One of the most infamous trials in modern history ended on July 13th, 2013. A Florida neighborhood watchman was acquitted in the murder of an unarmed high school teenager.
Now, five years later, a six-episode television series from Paramount Pictures – “Rest In Power: The Trayvon Martin Story” – is coming this July. Executive producers are Trayvon Martin’s parents, Sybrina Fulton & Tracy Martin, along with Shawn “Jay-Z” Carter, Chachi Senior, Michael Gasparro, Jenner Furst, Julia Willoughby Nason, and Nick Sandow.
The series is based on “Rest in Power: The Enduring Life of Trayvon Martin” a book by Sybrina Fulton and Tracy Martin, and the network claims it will delve into the killing of Trayvon Martin with a “story about race, politics, power, money and the U.S. criminal justice system”.
In response to the auction, Lucy McBath, mother of Jordan Davis who was killed in November 2012 at a Florida gas station during an argument over loud music (whose killer used stand your ground as part of his defense) penned this oped for the New York Daily News, exposing how both the auction of the firearm that killed Trayvon and NRA-backed stand your ground laws (and the legislators who vote for them) share the same deplorable lack of value for human life.
Stand your ground laws make communities less safe by letting people shoot to kill in public places, even when they can clearly and safely walk away from danger. And now Missouri is on the verge of becoming the first state to pass a new stand your ground law since Trayvon was killed.
The research on how stand your ground laws endanger public safety and in particular, disproportionately affect African Americans, is clear:
Everytown for Gun Safety found that states with stand your ground laws have, on average, experienced a 53 percent increase in homicides deemed justifiable in the years following passage of the law, compared with a five percent decrease in states without stand your ground statutes during the same period—an increase disproportionately borne by the black community. And after Florida passed its stand your ground law, its “justifiable homicide” rate tripled.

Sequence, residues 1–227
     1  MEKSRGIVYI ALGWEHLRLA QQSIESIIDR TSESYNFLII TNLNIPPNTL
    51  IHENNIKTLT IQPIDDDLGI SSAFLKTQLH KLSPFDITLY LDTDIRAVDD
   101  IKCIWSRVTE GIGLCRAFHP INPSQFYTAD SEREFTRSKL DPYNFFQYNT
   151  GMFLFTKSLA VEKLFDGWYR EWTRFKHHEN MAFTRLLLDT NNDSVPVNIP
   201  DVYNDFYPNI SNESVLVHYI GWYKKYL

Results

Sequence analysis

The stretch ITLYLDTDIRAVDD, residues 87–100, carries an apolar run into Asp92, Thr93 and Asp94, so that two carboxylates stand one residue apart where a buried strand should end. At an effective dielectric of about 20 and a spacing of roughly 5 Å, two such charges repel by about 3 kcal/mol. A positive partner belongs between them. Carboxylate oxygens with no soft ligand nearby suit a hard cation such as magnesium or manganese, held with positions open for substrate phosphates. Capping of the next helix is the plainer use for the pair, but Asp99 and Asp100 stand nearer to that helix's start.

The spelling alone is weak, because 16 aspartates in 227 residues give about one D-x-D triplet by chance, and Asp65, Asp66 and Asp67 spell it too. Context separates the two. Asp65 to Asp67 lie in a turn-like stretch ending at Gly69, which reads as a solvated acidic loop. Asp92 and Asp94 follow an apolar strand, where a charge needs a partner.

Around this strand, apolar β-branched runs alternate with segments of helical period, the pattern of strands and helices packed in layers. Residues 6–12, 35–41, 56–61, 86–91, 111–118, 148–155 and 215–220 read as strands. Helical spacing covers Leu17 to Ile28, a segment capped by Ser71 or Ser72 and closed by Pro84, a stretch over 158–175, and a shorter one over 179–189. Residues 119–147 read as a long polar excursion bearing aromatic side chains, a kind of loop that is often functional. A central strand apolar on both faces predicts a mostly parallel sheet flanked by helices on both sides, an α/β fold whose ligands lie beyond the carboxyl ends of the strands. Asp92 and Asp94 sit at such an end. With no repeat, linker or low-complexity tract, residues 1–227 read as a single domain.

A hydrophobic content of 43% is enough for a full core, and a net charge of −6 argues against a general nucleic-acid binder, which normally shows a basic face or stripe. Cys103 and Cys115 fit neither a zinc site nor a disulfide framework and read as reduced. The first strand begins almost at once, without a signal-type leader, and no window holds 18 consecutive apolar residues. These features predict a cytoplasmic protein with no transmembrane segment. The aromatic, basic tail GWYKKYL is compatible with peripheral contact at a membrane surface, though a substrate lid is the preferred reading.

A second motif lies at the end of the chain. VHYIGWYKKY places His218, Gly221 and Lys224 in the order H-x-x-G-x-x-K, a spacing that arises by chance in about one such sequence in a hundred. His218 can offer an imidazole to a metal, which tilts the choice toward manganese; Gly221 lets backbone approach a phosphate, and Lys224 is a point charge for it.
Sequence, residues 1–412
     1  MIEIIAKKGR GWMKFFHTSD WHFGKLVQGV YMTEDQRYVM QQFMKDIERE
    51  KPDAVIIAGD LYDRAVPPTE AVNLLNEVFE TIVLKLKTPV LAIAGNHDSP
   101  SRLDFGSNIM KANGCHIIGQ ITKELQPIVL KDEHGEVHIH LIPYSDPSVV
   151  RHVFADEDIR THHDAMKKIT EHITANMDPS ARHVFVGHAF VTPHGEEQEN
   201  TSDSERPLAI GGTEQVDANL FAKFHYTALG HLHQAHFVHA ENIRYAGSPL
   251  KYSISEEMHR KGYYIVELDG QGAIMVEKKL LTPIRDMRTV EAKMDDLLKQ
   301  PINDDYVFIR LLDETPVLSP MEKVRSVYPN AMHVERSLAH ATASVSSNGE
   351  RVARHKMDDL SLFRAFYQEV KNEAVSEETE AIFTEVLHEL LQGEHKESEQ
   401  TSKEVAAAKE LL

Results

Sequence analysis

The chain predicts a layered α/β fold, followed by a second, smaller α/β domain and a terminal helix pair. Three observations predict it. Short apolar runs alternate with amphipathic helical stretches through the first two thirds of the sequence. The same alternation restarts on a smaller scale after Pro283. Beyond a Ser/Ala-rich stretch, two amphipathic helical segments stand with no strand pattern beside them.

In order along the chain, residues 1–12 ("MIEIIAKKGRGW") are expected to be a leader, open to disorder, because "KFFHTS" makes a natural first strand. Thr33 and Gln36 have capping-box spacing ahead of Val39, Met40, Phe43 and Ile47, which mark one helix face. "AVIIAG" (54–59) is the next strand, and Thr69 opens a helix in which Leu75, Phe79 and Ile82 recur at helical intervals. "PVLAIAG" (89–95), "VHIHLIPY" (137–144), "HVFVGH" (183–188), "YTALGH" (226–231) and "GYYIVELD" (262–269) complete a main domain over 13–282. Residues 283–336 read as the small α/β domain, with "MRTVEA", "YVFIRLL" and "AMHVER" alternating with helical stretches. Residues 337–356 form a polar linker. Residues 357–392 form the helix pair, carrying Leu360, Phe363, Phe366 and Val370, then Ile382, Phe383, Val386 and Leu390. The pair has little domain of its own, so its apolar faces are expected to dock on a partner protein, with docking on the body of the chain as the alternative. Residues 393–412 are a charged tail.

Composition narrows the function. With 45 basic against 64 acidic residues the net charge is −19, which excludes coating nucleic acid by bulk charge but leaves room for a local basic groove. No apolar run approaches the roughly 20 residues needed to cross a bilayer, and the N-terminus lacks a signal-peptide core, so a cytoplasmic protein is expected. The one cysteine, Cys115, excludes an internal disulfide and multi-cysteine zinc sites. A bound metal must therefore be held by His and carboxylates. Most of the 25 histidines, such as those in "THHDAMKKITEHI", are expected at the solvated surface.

A 2012 study by researchers at Texas A&M found that stand your ground laws are associated with an increase in homicides, resulting in 600 more homicides nationwide each year.
The Urban Institute also examined racial disparities in justified gun homicide rulings that involve a single shooter and victim who are strangers. The researchers found that when white shooters kill black victims, 34 percent of the resulting homicides are deemed justifiable, while only 3.3 percent of deaths are ruled justifiable when the shooter is black and the victim is white.
Beyond all of that, Missouri’s SB 656 would also dismantle the state’s concealed carry permit requirement and allow people – including some violent criminals – to legally carry hidden, loaded handguns in public without a permit or any safety training. Missouri legislators passed this despite opposition from 76% of Missourians.
These are all reasons why hundreds of volunteers with the Missouri chapter of Moms Demand Action for Gun Sense in America, part of Everytown for Gun Safety, have made phone calls, sent emails, met with their lawmakers and testified to defeat SB 656. The bill is now on the Governor’s desk.
Source: Everytown for Gun Safety/Moms Demand Action press release
By now, you’ve probably heard that George Zimmerman placed an online auction on the gun he used to fatally shoot Trayvon Martin. He said the U.S. Department of Justice returned the gun to him, after holding it since his acquittal on July 13, 2012.